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Title: Movement writing and the question of audience, 1946-1957
Author: Hargrave, R.
Awarding Body: University of Cambridge
Current Institution: University of Cambridge
Date of Award: 2007
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This thesis is a study of the Movement writers, the group of novelists, critics and poets who rose to prominence in the British literary press in the late 1940s and 1950s, among whom are included Philip Larkin, Kingsley Amis and John Wain. It focuses on the enduring anxiety displayed by these writers about the potential audience for their work, and especially upon the competing values of writing addressed to a narrow, specialist audience, and that addressed to a larger non-specialist public. The thesis investigates some of the historical and cultural reasons why ‘the question of audience’ may have seemed so pressing at this time. It looks at the contradictions these writers encountered in their attempts to identify ‘the reading public’, and at the Movement’s place within the literary society of post-war Britain. The first two chapters examine some of the dominant intellectual figures of the 1930s and 1940s, and the impact their attitudes towards reading audiences had upon the Movement writers. Chapter One explores the legacy in Movement writing of the model for ‘minority culture’ advocated by F. R. Leavis and the Scrutiny circle; Chapter Two argues that an alternative, public-spirited voice in serious writing is evident in work by three of Leavis’s contemporaries: George Orwell, A. J. Ayer and William Empson. Chapter Three looks at the attempt to project an ideal ‘implied audience’ in the Movement’s non-fiction prose. Chapter Four uses bibliographical and biographical material to unpick the actual audience that Movement writing commanded through small press publishing, contributions to periodicals and broadcasts over BBC radio. The final three chapters provide close-readings of Movement poetry. Chapter Six examines John Wain’s Mixed Feelings (1951) and Kingsley Amis’s A Frame of Mind (1953); Chapter Seven looks at Elizabeth Jennings’s Poems (1953) and A Way of Looking (1955); Chapter Eight looks at Philip Larkin’s The Less Deceived (1955).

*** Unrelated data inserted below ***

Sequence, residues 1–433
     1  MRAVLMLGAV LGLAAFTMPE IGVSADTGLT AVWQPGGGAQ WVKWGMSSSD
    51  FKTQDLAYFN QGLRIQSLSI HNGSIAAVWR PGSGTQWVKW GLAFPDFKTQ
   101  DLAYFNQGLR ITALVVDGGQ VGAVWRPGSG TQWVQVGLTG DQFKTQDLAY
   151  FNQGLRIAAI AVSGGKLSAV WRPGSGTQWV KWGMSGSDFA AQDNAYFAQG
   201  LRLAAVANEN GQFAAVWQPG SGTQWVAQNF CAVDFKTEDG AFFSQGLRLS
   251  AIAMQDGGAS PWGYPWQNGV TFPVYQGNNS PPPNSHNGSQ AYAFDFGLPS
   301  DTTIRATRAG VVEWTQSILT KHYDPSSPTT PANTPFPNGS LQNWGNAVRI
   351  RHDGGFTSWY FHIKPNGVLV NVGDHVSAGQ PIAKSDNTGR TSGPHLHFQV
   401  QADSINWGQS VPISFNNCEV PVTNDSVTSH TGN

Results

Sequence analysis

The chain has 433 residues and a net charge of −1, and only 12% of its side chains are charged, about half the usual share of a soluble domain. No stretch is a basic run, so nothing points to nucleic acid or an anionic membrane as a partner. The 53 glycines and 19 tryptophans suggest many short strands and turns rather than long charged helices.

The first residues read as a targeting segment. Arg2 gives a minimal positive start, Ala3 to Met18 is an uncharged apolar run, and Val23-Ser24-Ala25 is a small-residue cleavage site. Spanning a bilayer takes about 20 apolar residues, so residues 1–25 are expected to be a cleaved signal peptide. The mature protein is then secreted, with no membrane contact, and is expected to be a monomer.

Supervisor: Not available Sponsor: Not available
Qualification Name: Thesis (Ph.D.) Qualification Level: Doctoral
EThOS ID:  DOI: Not available